Truth be told almost any molecule that aims to hurt the body can be either group 4 or 5 depending on dose. There are many dietary supplements on the market that actually exert their benefits through hormesis as well like curcumin and resveratrol (both of which are technically toxins but, if dosed correctly, ultimately confer benefits.)
I’m rambling here on the definition because I want to make it clear that nothing is 100% negative and it’s all a dose-dependent issue. The only things that can be argued to be 100% bad, things like cyanide and botulism, are simply things that whenever people get exposed to it the dose they get exposed to is in the “toxic” range.
Even the illegal fat burner DNP, which has numerous deaths to its name, can be made to protect cells if the concentration is just right. Naming of the toxin, the dosage of the toxin, the route of exposure, and the symptoms all need to be specified to understand toxic effects.
And if a detox diet won’t even bother getting into the basics of it and just paints all toxins as “bad,” then they’re woefully undereducated at best.
Naturally, the body has evolved various ways to “handle” toxins or rather manage the levels of these potentially harmful molecules.
While there are tons of various pathways we could talk about I want to do a quick recap on the two major phases of liver detoxification enzymes:
It’s a large, highly adaptive, and highly sophisticated system that can essentially be viewed as one group of people sorting a pile and the other group putting it into boxes and shipping it to the appropriate location.
These enzyme groups are located on our skin, in our liver, our intestines, our kidneys, and our lungs; basically if the world outside the body even has the slightest chance of interacting with the world inside our body then P450 will be there.
This is because everything we consume or expose ourselves to, whether intentionally or not, has to pass by these two enzyme systems.
Any discussion of detoxification should mention this system since, let’s be honest, it’s going to be doing 98% of the work in keeping levels of potentially toxic molecules in check. It’s the Amazon of immunity.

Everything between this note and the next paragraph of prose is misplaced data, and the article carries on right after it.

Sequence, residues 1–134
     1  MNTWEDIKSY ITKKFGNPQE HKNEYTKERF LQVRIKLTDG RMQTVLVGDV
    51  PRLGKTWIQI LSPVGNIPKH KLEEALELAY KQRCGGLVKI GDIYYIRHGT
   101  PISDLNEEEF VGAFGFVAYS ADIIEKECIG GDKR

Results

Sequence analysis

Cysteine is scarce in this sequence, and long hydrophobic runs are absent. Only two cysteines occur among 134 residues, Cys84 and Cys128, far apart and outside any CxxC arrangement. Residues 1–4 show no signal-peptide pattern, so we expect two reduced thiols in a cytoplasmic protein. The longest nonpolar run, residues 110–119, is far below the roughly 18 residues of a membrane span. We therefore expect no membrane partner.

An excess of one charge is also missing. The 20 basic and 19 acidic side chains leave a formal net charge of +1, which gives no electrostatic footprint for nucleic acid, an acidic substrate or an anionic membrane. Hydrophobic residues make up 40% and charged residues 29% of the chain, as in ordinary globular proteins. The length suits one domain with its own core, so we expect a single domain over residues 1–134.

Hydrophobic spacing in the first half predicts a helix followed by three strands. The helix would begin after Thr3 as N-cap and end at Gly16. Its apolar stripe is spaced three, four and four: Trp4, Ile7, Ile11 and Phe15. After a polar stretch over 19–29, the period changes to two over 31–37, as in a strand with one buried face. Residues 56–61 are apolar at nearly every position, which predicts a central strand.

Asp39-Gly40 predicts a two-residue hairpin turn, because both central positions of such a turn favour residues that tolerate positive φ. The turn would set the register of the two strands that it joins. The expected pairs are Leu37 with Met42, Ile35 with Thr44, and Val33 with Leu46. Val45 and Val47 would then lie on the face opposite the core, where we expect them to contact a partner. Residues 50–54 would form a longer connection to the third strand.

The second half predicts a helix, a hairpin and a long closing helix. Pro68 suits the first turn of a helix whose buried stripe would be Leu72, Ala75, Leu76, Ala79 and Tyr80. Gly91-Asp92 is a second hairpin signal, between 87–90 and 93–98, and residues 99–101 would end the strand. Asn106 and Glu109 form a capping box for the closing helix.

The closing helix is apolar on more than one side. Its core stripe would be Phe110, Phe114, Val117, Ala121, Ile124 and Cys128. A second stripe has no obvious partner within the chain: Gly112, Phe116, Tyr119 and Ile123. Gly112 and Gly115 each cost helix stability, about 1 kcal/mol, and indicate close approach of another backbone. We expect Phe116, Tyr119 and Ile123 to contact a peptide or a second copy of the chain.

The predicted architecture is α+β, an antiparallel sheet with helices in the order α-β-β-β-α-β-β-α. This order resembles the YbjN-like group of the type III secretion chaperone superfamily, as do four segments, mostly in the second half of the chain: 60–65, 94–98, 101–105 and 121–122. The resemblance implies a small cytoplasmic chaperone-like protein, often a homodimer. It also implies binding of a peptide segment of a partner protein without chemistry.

Finally, addressing the claim of how toxins can hurt us.
Truth be told there’s no commonality among all toxins. Each toxic effect can differ from the next and the only real symptoms that show up frequently are the “oh shit” buttons each organ has; stomach thinks it’s under attack? It presses it’s “oh shit” button to initiate vomiting. Intestines under attack? It presses it’s “oh shit” button and initiates diarrhea.
If you want to learn more about a certain toxin in particular, however, there’s ample evidence online. Toxicology is a very well researched field and information is easily accessible to the public.
To hark back to the deceptive practices of detoxes, it hinges on not naming the toxin in question. The reason for this is because if you name a specific toxin you can just bring up something like a Material Safety Data Sheet (MSDS) or review on the subject (Cadmium for the previous links) and there are multiple organizations that try and break down the topic in a digestible manner.
Once you have the name of the toxin, information is pretty easy to get.
If you can name the toxin, gauge an exposure level, see if physical/mental symptoms are occurring, then you can act in an appropriate manner to try and remove the toxin from your body or otherwise mitigate unnecessary exposure in the future.
The proper way to deal with toxins in through your lifestyle is:
But all of this, of course, precludes the need for a detox diet in the first place. Prevention, when it comes to toxins, is avoidance; rehabilitation, when it comes to toxins, is targeted therapy. A healthy diet is just expected rather than being some pivotal toxin defense.
Detox diets piss me off because they are similar, in practice, to homeopathy.
If pharmacy and medical doctors have been doing something for decades that seems to work well, and someone in “alternative” medicine wants to also help people, it’s best to identify what works and try to make it more effective, practical, cheap, or accessible.
Not to take standard practice and reverse it.
Homeopathy is stupid because the dose is the ultimate factor in whether or not something works and to what degree it does, and it reverses this idea for no beneficial reason.
Detox diets, on the other hand, look at how doctors take a methodological and calculated toxin-specific approach to detoxifying the body and decide to go the other way and generalize everything to the point where the toxins are not even named.
Then they just drag my industry’s reputation through the mud and expect me not to be peeved about it.